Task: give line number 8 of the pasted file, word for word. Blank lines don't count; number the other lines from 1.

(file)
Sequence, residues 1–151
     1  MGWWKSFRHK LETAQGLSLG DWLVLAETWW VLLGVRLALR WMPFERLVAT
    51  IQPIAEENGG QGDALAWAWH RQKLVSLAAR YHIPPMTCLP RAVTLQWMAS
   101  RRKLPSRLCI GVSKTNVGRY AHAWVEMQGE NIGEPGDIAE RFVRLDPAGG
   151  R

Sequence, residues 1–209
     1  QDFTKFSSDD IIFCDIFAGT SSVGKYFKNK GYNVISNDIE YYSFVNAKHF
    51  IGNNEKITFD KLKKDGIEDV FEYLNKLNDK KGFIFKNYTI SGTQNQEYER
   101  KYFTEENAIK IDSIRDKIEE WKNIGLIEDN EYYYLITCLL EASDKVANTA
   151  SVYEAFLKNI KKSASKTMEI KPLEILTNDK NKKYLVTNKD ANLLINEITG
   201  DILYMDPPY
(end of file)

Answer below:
    51  IGNNEKITFD KLKKDGIEDV FEYLNKLNDK KGFIFKNYTI SGTQNQEYER